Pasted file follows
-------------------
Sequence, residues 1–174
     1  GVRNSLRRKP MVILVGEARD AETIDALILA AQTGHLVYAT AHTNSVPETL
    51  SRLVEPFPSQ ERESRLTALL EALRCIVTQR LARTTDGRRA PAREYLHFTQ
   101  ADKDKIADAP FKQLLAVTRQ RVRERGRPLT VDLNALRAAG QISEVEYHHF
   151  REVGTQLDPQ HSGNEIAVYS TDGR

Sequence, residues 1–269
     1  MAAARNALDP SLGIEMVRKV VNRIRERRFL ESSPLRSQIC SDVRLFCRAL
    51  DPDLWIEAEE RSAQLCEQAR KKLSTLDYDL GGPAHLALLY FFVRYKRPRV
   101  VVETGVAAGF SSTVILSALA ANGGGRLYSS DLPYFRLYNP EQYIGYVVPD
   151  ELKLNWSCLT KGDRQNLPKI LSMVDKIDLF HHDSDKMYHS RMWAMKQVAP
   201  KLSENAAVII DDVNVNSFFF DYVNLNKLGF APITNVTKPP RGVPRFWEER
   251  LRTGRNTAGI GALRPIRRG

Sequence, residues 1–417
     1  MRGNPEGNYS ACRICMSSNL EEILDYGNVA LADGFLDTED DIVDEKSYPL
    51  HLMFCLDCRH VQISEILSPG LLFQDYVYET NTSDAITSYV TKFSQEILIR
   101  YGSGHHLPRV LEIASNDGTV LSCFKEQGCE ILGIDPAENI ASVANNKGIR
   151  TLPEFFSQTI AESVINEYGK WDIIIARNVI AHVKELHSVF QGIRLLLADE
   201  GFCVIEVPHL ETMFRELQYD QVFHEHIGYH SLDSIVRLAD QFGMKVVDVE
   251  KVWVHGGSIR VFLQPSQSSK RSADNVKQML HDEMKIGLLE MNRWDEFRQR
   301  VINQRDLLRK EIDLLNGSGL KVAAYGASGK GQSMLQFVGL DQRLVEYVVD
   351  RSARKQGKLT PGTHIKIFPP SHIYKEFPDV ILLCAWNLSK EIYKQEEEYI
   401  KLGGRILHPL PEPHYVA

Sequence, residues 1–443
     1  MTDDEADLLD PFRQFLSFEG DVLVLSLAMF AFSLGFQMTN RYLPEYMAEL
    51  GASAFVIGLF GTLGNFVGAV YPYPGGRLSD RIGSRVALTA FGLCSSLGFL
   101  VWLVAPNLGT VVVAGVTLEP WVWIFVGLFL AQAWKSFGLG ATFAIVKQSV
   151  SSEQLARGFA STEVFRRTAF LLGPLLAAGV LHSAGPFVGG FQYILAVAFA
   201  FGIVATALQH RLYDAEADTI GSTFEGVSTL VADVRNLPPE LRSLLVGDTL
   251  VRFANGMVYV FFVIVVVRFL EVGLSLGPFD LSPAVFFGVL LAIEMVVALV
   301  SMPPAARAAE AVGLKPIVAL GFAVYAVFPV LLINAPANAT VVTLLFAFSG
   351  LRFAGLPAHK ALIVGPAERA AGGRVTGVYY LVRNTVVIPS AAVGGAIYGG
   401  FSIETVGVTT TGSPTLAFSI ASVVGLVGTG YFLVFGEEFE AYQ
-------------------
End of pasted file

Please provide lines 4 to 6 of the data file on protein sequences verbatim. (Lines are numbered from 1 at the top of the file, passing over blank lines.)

   101  ADKDKIADAP FKQLLAVTRQ RVRERGRPLT VDLNALRAAG QISEVEYHHF
   151  REVGTQLDPQ HSGNEIAVYS TDGR

Sequence, residues 1–269